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The Guide: Sydney Film Festival highlights

The Sydney Film Festival runs from 8-19 June and it’s director, Nashen Moodley, has packed it with vignettes of intrigue, black comedy and narrative play. He dangles an Indie carrot with a nonchalant breed of Hollywood stars: Jake Gyllenhaal, Naomi Watts, Ethan Hawke, Julianne Moore and Greta Gerwig starring in new release films, whilst auteur directors Laurie Anderson, Chantal Akerman, Terrence Davies, Werner Herzog, Richard Linklater, Alexander Sukharov and Jean-Marc Vallée provide world cinema gravitas. The Office Space brings you the top 10 highlights:

  • Jake Gyllenhaal is raking in the accolades for Demolition, the new comedic drama from Jean-Marc Vallée (Wild, Dallas Buyers Club). Structurally, the story constantly defies expectations, veering off course in directions you could never anticipate. An investment banker (Gyllenhaal) struggles to come to terms with the tragic loss of his wife by writing lengthy complaint letters to a vending machine company. Naomi Watts and Chris Cooper co-star.
  • A Girl in the Rover: The Price of Forgiveness was this year’s Oscar-winning documentary short about honour killings in Pakistan. Directed by Sharmeen Obaid-Chinoy, it’s about Saba Qaiser, who fell in love, eloped, was hunted down by her father and uncle, shot in the head, stuffed into a bag and tossed into a river. Miraculously, she survived.
  • Weiner, from first-time filmmakers Elyse Steinberg and Josh Kriegman, is a documentary about former congressman Anthony Weiner and the sexting scandals that brought his New York mayoral campaign to an ignominious end. It won the Grand Jury Prize for Documentary at Sundance in January.
  • Rebecca Miller’s Maggie’s Plan is a comedy set in New York akin to those complicated love triangles in Woody Allen’s best offerings. A career advisor (Gerwig) on the cusp of single motherhood suddenly falls for an anthropology professor (Hawke) who happens to be married to a demanding French academic (Moore).
  • In one mind-boggling take, Sebastian Schipper captures the hurly-burley of Berlin in Victoria. As a new breed of heist film, it’s a snap shot of the city’s party life, yet absurdly, it’s about a bank robbery.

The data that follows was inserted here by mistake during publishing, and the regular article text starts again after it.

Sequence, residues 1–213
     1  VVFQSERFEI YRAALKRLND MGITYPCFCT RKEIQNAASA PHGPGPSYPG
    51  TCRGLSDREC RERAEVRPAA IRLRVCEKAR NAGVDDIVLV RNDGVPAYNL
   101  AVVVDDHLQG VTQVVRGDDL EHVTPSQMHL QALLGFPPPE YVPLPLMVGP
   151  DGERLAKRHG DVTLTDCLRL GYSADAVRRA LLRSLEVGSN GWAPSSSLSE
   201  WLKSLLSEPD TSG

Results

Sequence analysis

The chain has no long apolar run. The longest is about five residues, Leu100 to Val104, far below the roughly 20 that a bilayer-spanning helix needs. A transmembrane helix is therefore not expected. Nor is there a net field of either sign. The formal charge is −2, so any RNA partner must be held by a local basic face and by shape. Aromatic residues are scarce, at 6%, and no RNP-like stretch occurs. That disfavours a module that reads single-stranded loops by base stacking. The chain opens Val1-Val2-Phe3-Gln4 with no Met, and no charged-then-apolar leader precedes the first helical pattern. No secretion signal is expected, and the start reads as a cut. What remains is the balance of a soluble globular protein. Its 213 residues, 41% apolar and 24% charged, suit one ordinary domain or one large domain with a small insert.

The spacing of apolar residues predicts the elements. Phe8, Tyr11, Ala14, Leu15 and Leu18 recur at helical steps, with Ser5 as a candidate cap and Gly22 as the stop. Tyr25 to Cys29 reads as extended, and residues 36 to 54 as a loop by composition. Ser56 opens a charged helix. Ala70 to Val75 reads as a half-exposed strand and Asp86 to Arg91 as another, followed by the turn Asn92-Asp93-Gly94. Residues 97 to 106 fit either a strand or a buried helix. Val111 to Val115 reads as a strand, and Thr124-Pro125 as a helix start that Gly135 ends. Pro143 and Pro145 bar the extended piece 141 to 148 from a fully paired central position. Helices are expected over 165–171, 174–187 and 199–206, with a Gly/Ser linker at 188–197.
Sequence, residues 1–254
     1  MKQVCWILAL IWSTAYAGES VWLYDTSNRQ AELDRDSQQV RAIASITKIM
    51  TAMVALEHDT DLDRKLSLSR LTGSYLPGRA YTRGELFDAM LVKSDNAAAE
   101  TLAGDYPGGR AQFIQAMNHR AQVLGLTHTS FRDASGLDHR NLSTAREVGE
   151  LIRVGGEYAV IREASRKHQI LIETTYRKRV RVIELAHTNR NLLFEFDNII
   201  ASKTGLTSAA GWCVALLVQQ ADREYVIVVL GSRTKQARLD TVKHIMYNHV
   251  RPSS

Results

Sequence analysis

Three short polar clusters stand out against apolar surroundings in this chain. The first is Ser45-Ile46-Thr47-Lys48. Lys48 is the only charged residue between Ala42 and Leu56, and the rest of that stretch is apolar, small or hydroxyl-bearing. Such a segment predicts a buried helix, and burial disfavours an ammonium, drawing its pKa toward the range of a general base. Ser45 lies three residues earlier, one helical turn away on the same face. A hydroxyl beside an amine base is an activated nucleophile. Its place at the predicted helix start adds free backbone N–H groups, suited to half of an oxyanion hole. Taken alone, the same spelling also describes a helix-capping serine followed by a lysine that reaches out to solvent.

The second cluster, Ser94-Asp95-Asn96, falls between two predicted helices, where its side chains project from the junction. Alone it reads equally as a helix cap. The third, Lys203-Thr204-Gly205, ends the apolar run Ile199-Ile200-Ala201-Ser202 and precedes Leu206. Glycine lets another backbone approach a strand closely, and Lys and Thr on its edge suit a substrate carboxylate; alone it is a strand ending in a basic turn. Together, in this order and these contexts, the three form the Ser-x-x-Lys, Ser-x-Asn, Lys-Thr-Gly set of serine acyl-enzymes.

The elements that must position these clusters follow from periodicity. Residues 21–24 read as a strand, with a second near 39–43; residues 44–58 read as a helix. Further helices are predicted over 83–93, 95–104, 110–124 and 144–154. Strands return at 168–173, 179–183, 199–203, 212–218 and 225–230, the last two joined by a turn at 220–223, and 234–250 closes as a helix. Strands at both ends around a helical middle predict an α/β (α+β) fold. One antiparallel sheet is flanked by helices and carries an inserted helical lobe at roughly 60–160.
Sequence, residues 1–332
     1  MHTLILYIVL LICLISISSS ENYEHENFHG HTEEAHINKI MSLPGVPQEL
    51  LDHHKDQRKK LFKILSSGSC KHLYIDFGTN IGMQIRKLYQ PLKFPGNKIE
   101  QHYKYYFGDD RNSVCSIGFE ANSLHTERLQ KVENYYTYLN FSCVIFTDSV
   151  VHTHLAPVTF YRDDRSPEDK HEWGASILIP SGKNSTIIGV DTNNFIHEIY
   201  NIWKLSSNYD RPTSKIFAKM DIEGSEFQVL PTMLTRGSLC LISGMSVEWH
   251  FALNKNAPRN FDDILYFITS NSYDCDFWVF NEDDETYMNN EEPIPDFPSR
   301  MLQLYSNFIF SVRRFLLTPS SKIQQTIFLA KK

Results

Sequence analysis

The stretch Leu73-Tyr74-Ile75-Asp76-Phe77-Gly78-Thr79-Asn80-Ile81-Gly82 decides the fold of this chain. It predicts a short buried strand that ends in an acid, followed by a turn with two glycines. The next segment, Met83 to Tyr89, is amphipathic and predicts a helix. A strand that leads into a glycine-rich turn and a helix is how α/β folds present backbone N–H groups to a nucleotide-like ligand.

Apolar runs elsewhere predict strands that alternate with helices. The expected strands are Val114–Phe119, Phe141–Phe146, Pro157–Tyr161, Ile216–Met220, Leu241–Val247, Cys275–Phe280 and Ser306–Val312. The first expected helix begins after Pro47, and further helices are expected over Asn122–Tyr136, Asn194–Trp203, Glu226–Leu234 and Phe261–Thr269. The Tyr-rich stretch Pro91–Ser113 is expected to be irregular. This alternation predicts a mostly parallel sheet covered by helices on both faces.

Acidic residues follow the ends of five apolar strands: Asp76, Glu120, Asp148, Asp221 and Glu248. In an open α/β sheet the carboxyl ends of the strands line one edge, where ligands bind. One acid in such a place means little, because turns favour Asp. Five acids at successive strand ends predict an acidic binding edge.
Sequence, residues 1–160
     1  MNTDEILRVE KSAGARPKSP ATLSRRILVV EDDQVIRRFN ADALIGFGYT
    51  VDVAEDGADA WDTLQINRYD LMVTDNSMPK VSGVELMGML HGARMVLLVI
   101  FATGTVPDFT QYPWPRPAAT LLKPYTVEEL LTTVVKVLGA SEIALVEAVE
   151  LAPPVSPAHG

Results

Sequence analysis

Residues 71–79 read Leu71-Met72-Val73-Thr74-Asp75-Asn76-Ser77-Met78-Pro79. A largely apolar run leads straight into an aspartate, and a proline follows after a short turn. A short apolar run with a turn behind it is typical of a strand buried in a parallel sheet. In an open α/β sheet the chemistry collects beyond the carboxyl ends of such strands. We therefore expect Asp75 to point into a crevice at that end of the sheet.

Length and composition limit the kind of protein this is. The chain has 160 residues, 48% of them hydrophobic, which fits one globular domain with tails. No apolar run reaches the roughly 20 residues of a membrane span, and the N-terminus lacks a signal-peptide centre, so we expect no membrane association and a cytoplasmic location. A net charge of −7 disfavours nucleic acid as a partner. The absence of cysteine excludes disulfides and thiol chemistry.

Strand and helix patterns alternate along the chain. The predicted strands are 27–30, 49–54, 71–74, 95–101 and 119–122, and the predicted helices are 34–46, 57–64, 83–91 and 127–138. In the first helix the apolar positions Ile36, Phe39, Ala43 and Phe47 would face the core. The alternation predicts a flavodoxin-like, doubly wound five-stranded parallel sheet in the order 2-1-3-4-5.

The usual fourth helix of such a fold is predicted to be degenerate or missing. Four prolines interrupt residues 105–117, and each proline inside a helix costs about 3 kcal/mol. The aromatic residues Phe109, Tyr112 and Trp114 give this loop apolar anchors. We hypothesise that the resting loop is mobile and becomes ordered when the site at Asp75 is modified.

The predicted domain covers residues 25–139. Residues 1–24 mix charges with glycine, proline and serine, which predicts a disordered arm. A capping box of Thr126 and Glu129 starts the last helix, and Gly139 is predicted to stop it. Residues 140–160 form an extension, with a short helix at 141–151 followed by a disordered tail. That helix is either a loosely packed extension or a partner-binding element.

• Both hilarious and heartbreaking, Jeremy Sims’ Last Cab to Darwin reimagines the acclaimed 2003 stage play. Rex (Michael Caton) is a taxi driver from Broken Hill, and a real loner. After receiving a terminal diagnosis, he sets out on a road trip across the vast outback.
  • Everybody Wants Some!! is Richard Linklater’s (Boyhood, Before Sunrise) “spiritual sequel” to Dazed and Confused. Texas college freshmen enjoy a weekend of partying prior to the start of semester. Full of thumping ’80s music, it’s a heart-warming comedy about friendship, bonding and growing up.
  • Francofonia, from Russian director Aleksandr Sokurov (acclaimed for his single-shot masterpiece Russian Ark), is a love letter of sorts to The Louvre. The film eloquently captures how critical art is to humanity, and to civilisation.
  • Tobias Lindholm’s A War recounts the moral dilemma of a Danish commander (Pilou Asbaek) stationed in Afghanistan and a decision that has grave consequences, not least for the wife and three children waiting at home for him. It was an Oscar nominee for Best Foreign Language Film.
  • In Captain Fantastic Viggo Mortensen doesn’t quite get to to play a superhero, but rather, a super-dad determined to raise his kids on his terms. He’s the surviving half of a counter-culture couple who decided to shrug off capitalism (they ignore Christmas, but celebrate “Noam Chomsky Day”), quit the big city and raise their six kids in a stretch of Washington forest far from ‘civilised’ American society. Eventually, a tragedy requires them to reintegrate into wider society. Writer/director Matt Ross’s film is a fresh take on the family comedy-drama, offering a critique of contemporary America.

Full program and tickets available from the Sydney Film Festival.

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